How To Introduce a Cat to a New Home

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Whether you're moving into a new home with your cat or adopting a new cat for the first time, there will be an adjustment period. Cats and dogs are much like humans when it comes to a new environment. It takes some time and patience to fully adjust to new surroundings.

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So, what can help a new cat with the introduction process of a new space? It's important to plan ahead for a new and big environment change for your cat. With proper cat-proofing and monitoring of potential behavior problems — introducing a cat to a new home can go smoothly.


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How to cat-proof a new home

When planning for a new baby, most people will start early to baby-proof their space — to make it as safe as possible for the new infant. The same planning should apply to a new kitten or cat. Cats (especially kittens) are naturally curious and will get into anything and everything that interests them.


Cats are also great climbers, and capable of jumping onto high surfaces. Cat-proofing your house will protect your cat in their new environment — while also not making a mess of your belongings. Here is a helpful checklist when working to cat-proof your home:

  • Place all dangling wires such as electrical cords out of reach or in cord protectors
  • Don't leave breakable items accessible on shelves
  • Cover all heating and air vents
  • Never leave a candle burning unsupervised
  • Keep trash cans covered or inside a latched cabinet
  • Keep medications, cleaners, chemicals, and laundry supplies in a closed cabinet


What should you do if the cat is scared of new furniture?

When moving to a new house, it's expected there will also be some new furniture. Cats can be very nervous creatures who enjoy familiarity and routine. Some cats will be scared of a new piece of furniture or show signs of stress when furniture is rearranged.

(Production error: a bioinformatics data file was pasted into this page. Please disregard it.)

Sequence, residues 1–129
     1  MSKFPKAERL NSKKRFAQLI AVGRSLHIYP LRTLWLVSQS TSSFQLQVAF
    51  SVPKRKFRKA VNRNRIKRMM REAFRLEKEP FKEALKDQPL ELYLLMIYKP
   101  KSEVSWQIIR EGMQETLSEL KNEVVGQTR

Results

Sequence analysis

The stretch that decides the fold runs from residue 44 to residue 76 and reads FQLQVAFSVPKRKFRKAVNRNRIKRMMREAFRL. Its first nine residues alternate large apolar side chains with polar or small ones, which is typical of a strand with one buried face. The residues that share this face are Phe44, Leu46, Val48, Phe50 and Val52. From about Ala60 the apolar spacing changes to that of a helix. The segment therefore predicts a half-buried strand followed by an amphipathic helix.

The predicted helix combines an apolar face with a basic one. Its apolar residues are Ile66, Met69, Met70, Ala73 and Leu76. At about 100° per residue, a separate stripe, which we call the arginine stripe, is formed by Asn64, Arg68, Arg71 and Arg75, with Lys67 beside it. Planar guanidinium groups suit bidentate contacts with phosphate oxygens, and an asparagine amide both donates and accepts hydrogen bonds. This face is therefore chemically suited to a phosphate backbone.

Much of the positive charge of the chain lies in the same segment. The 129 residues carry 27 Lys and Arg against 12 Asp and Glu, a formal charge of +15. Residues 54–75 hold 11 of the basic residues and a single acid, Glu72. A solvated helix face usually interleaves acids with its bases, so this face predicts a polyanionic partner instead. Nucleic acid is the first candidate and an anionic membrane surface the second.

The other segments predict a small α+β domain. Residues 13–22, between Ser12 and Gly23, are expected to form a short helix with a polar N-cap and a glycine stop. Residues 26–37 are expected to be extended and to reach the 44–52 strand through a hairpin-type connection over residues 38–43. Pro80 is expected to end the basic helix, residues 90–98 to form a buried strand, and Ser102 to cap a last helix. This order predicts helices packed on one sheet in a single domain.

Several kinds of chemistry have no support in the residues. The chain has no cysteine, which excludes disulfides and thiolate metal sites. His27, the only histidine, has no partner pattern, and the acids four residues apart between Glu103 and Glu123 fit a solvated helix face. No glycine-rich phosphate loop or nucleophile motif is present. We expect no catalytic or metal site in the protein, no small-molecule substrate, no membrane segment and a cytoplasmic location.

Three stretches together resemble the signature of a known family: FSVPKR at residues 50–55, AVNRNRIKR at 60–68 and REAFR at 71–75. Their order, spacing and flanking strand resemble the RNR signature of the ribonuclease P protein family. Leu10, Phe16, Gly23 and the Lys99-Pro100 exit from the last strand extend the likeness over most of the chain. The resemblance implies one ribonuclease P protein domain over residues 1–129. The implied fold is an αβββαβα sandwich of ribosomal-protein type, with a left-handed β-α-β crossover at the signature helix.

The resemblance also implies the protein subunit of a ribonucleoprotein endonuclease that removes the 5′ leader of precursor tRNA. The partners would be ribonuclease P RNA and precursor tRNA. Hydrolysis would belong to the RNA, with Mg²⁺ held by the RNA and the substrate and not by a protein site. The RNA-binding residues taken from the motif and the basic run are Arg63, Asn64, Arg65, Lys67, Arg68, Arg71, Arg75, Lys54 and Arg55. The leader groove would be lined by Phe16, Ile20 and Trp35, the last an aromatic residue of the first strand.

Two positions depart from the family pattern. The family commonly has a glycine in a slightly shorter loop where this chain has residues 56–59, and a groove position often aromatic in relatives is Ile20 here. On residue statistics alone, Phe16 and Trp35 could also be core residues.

While it's not in your best interest to let your cat dictate the order of your home, allow your cat the space to feel the new furniture out. Give them the time to explore the new changes. They may smell new furniture and leave their scent.

However, keep an eye on them to help prevent the cat from scratching the furniture. Placing a scratching post near the new piece of furniture can help direct their attention to something other than your new couch or chair.


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How to prepare your cat for a new home

Before introducing your cat to a new home, it's vital to prepare ahead of time. For a safer and stress-free transition to the new surroundings, gather and set up their food, toys, and supplies before you bring a cat home. This would include their litter box, scratching post, water bowls, and a cat bed, if applicable.



Having all of a cat's familiar objects in the house beforehand will help ease the anxiety of a new home. It may also be beneficial to add a pheromone diffuser that emits a synthetic version of a pheromone that cats produce naturally from scent glands in their cheeks. Getting one of these set up in their designated room at least 24 hours before their arrival can help reduce their stress.


Once you're ready to bring your cat into the new home, make sure you have a secure cat carrier to keep them safe during the journey. Make sure you place a blanket in the bottom and cover the carrier with a towel or blanket to help your cat feel less exposed on the journey to the new environment.


How to introduce your cat to one room

Along with bringing in their supplies, it's also important to relegate them to just one, safe room in the house to start off the adjustment period. For the first several days after the move, allow your cat ample time to decompress and slowly adjust to the new environment.